David M

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millerd
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Re: David M

Postby millerd » Mon May 15, 2017 9:33 pm

A very nice Small Heath, David - and your Walls from earlier were exceptional, especially the mating pair with onlooker! :) I do envy you easy sightings of this species, one I took for granted in my youth (long time ago...). :mrgreen: :)

Dave

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David M
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Re: David M

Postby David M » Mon May 15, 2017 10:45 pm

millerd wrote:...your Walls from earlier were exceptional, especially the mating pair with onlooker! :) I do envy you easy sightings of this species, one I took for granted in my youth (long time ago...)


I'm old enough to remember that too, Dave. :(

These days, they're hard work to find away from the coast. Even in Swansea which has miles of beaches you need local knowledge.

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David M
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Re: David M

Postby David M » Sat May 20, 2017 11:17 pm

Saturday 20th May 2017 - Risks pay rewards.....

With the weather forecasts constantly changing, I had promised my neighbour a trip to Rodborough Common in Gloucestershire this weekend last Thursday.....before predictions of cloud and rain for Saturday morning materialised. :(

Rain and cloud till noon with conditions gradually improving was the advice first thing in the morning, so I bit the bullet and for once, that advice proved accurate.

Arriving around 11am, skies were heavily overcast with occasional rain showers. I managed to find a roosting Small Heath but my neighbour trumped me shortly afterwards with this roosting Duke of Burgundy:

1DoBuns(1).jpg


Little else was seen until skies began to brighten around 2pm, whereupon butterflies began to come to life. The hotspot on this site yet again proved productive with another three or four Dukes seen at the bottom of this steep bank:

1Hotspot(1).jpg


Understandably, three weeks or so into their flight period, these combative little insects are beginning to show signs of wear (no doubt due to the constant battles not only with their own kind but the myriad of other species that are equally attracted to this sheltered haven):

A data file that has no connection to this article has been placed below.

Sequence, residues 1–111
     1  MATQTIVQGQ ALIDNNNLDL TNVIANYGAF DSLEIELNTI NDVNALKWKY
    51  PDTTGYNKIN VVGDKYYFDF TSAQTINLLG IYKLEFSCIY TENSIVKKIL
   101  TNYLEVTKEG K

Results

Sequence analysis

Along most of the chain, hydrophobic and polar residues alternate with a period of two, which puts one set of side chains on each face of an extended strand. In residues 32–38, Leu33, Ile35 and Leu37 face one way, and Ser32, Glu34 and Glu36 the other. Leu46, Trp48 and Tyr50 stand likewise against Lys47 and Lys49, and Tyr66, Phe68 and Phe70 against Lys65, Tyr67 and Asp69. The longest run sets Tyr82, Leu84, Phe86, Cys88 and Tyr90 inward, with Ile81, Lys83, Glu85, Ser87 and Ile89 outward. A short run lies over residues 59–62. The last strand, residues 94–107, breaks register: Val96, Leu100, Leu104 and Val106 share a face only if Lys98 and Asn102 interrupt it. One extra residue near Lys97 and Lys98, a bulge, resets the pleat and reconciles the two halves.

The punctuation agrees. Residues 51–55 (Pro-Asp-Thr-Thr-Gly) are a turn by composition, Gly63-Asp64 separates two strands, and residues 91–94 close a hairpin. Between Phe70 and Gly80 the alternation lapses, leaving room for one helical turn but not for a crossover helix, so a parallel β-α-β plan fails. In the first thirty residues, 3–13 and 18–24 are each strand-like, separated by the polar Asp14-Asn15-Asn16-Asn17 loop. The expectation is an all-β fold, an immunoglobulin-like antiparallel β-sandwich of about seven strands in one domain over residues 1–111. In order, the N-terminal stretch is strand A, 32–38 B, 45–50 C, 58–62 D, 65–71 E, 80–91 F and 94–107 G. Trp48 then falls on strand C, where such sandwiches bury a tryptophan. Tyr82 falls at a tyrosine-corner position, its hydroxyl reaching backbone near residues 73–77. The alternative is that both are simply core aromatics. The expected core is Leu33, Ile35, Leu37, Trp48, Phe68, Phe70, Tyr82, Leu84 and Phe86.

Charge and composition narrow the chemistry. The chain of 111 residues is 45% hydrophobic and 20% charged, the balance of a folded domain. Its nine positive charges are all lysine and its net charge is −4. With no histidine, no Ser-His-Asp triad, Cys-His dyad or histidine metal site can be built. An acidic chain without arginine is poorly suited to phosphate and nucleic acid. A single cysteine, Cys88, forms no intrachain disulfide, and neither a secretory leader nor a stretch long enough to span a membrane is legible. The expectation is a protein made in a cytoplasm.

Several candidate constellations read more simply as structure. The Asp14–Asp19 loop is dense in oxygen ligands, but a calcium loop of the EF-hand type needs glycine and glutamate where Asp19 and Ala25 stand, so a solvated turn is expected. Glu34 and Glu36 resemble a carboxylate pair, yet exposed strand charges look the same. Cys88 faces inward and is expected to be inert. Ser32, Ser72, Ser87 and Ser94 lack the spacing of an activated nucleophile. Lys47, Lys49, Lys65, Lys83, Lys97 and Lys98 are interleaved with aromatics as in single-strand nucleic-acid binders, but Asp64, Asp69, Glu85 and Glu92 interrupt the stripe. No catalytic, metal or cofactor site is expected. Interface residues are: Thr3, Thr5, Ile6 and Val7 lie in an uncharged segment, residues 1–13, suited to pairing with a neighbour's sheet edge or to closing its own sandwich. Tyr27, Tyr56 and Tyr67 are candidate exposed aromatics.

1DoBupps(1).jpg


In spite of the challenging conditions, upwards of two dozen Brown Argus were seen:

1BrArgus(1).jpg


Dingy Skippers were plentiful too, certainly 15+ observed. However, I was keeping a sharp eye out for freshly emerged Adonis Blues, and the patience and hard work paid off, as two were seen and the second individual in particular provided good views as regular cloud cover ensured he remained fairly docile:

1Adonisupps(1).jpg


1Adonisuns(1).jpg


With ever brightening skies, it was hard to leave this place, but by 3.45pm, we made our way back to the car with one last look at this magnificent butterfly habitat:

1View(1).jpg


Totals seen in predominantly difficult conditions were:

Brown Argus 25-35
Dingy Skipper 15-25
Small Heath 10-15
Duke of Burgundy 4-6
Small Blue 3
Common Blue 2
Green Hairstreak 2
Adonis Blue 2
Large White 1
Peacock 1

millerd
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Re: David M

Postby millerd » Sun May 21, 2017 7:00 pm

Not a bad selection at all for a superficially grotty day weatherwise. Splendid Adonis in particular, David. :)

Dave

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bugboy
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Re: David M

Postby bugboy » Sun May 21, 2017 8:14 pm

Ooooh yes, that Adonis looks like it's been plugged into the mains!
Some addictions are good for the soul!